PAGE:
What "Being Baptist" Meant for Southern Baptists during World War II

By Shurden, Walter B. | Baptist History and Heritage, Summer-Fall 2001 | Go to article overview

What "Being Baptist" Meant for Southern Baptists during World War II


Shurden, Walter B., Baptist History and Heritage


My purpose is to describe the Baptist identity from the perspective of Southern Baptists during the years from 1938 to 1946.

In other words, I am concerned with a single question: what did being Baptist mean for Southern Baptists during these years? The focus, therefore, is not, as the title may suggest, on Southern Baptists' attitudes toward war or their commitment, or lack of it, to peacemaking during World War II. (1) Rather, the concern here is to depict Southern Baptists' understanding of the Baptist identity during the war years.

Moreover, I am not seeking to describe the major features of the Southern Baptist Convention itself during these years. Except as those issues may have impacted their perception of the Baptist identity, I will not address Southern Baptists' celebrated commitment to denominational evangelism and missions, their passion for Christian education at the seminary and college levels, their concern--indeed, almost fixation--for the denomination's financial solvency, their growth and expansion patterns, their social concerns or lack of them, their constitutional revisions and by law changes, the almost total lack of women in their deliberations, or other such factors characterizing the internal life of the denomination. While important-even crucial-issues for the denomination's history, these have been addressed in varying degrees in the three standard denominational histories by W. W Barnes, Robert A. Baker, and Jesse C. Fletcher. (2) What these denominational histories failed to address clearly, however, was how Southern Baptists understood the Baptist identity during the period of World War II.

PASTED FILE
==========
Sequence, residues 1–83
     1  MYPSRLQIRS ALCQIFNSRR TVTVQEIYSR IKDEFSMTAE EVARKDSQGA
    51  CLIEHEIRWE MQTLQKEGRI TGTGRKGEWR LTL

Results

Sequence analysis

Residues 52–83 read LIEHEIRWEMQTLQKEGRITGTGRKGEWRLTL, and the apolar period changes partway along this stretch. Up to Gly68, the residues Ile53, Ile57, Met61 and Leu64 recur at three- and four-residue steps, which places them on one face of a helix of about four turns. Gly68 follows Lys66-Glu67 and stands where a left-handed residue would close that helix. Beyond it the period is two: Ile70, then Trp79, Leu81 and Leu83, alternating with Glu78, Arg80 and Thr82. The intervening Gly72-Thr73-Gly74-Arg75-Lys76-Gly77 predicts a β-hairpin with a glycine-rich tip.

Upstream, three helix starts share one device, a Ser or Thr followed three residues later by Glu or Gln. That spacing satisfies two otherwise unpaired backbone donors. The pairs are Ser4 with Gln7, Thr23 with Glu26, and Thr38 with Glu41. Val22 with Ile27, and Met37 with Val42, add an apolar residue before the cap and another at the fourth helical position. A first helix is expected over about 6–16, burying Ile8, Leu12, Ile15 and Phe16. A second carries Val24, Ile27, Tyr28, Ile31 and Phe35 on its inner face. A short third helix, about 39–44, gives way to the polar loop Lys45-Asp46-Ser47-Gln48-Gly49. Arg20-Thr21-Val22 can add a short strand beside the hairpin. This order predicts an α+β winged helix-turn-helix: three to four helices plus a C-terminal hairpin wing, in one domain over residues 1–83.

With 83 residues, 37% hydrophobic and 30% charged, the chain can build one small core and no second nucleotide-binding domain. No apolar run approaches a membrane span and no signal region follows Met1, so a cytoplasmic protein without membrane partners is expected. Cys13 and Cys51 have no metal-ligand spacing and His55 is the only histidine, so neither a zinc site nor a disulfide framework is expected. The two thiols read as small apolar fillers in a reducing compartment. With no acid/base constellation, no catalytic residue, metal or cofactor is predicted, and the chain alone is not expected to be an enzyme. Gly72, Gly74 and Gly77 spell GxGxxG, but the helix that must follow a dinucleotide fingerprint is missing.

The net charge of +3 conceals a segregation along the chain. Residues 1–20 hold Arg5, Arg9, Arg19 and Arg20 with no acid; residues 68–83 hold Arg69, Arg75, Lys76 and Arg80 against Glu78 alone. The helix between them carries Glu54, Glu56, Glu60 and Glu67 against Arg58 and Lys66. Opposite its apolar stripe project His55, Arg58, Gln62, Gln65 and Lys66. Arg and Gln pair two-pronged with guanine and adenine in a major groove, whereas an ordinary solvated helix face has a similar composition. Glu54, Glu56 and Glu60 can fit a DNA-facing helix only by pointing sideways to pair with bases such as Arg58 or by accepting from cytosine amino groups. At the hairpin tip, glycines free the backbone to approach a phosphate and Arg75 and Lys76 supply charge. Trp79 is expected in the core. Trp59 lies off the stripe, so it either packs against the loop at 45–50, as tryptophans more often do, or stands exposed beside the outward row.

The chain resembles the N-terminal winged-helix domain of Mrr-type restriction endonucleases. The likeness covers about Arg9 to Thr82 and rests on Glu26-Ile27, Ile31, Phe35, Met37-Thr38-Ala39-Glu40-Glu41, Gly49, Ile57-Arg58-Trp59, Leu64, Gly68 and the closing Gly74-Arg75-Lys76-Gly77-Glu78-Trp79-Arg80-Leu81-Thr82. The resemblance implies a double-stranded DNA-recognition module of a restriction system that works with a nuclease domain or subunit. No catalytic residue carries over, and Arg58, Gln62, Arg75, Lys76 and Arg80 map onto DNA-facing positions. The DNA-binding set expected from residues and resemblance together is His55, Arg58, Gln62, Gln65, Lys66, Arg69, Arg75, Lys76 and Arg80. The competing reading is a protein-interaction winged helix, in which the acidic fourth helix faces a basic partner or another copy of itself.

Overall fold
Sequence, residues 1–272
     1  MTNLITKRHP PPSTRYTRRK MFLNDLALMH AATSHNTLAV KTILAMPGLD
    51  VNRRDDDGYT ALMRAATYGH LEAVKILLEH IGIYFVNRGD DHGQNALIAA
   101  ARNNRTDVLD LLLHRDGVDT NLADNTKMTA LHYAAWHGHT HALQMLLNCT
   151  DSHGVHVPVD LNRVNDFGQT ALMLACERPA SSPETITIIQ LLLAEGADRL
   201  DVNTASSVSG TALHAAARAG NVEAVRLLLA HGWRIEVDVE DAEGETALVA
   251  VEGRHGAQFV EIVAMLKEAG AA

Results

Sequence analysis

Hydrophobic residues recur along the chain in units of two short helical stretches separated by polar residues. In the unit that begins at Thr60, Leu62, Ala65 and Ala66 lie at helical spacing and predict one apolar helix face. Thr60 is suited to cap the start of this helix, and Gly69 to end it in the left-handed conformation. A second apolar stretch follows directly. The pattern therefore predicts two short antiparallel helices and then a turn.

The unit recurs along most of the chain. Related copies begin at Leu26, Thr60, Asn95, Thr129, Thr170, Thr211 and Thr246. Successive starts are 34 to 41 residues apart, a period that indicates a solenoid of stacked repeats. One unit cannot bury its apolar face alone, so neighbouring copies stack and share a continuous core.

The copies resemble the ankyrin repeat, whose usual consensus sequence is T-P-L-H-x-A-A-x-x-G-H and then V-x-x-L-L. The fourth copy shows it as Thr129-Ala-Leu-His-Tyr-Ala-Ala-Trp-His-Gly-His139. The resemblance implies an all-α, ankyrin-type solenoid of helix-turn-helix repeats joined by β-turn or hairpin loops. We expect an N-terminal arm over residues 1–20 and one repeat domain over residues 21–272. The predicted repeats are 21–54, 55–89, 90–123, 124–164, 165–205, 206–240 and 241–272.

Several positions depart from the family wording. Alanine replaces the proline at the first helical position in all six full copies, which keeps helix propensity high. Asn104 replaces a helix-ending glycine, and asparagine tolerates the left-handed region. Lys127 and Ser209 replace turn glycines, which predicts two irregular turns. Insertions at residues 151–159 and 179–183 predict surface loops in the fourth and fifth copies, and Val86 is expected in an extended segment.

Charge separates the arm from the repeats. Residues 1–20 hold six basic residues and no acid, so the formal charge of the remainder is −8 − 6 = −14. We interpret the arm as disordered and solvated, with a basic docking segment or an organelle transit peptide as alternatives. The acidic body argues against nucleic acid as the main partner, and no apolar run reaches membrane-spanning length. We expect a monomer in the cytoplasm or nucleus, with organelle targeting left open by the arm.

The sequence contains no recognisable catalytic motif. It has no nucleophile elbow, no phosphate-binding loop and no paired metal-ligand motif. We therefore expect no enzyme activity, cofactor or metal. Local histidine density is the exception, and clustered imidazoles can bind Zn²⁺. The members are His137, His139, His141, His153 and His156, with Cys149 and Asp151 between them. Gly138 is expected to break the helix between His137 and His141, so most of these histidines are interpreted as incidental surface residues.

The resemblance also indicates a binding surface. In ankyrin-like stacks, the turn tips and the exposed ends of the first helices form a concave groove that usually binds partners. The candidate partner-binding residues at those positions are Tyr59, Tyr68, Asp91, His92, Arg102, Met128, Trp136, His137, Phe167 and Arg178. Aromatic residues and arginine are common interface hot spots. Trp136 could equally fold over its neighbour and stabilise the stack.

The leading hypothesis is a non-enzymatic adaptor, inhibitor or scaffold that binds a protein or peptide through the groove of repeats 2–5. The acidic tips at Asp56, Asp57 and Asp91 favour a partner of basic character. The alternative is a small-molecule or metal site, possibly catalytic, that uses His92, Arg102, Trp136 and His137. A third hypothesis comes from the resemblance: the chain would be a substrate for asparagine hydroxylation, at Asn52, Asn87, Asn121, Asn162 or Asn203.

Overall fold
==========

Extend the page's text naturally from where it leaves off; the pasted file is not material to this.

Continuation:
World War II began in 1939, although the United States did not enter the fray until 1941. The war ended in 1945. So, the chronological parameters of this paper include one year prior to the war to one year after the war. To fudge on the dates just slightly, therefore, I have portrayed here the Southern Baptist perception of what it meant to be Baptist at the middle of the twentieth century.

Southern Baptist Documents Profiling the Baptist Identity

Where does one go to find answers to the question of what Southern Baptists considered to be the Baptist identity at mid-century? Baptists are not a creedal people--a point made abundantly clear in the sources for this paper--so, one lacks access to a Baptist Book of Concord, such as the Lutherans possess, or a Book of Common Prayer, such as the Episcopalians own, or even a Westminster Confession, such as the-Presbyterians treasure.

One could analyze the 1925 Baptist Faith and Message (3) (BFM-25) in search of the Baptist identity, but that was ill-advised in this study for two reasons. One, the BFM-25 did not fit the chronological period under study. And two, even though still on the Southern Baptist books and unrevised at the beginning of the war, the BFM-25 never held much sway or achieved denominational prominertce. Certainly, it had not been creedalized as a kind of Baptist Westminster by the beginning of World War II.

W. W. Barnes, for forty years crusty professor of church history at Southwestern Baptist Theological Seminary, underscored the virtual irrelevance of the confession of faith in Southern Baptist life. In 1934, almost exactly a decade after the adoption of the BFM-25 and in one of the most prophetic books on Southern Baptist history I know anything about, Barnes teased about the denominational insignificance of the BFM-25. He wrote: "The convention adopted the statement by a large majority of the messengers present, but it has been received by Southern Baptist churches generally with a tremendous outburst of silence." (4) So, while the BFM-25 possessed-and possesses-valuable descriptions of the Baptist identity, it had not shaped the Southern Baptist awareness of the Baptist identity in a powerful way by the beginning of World War II. Indeed, few, if any, references to the BFM-25 appeared in the research for this particular paper. …

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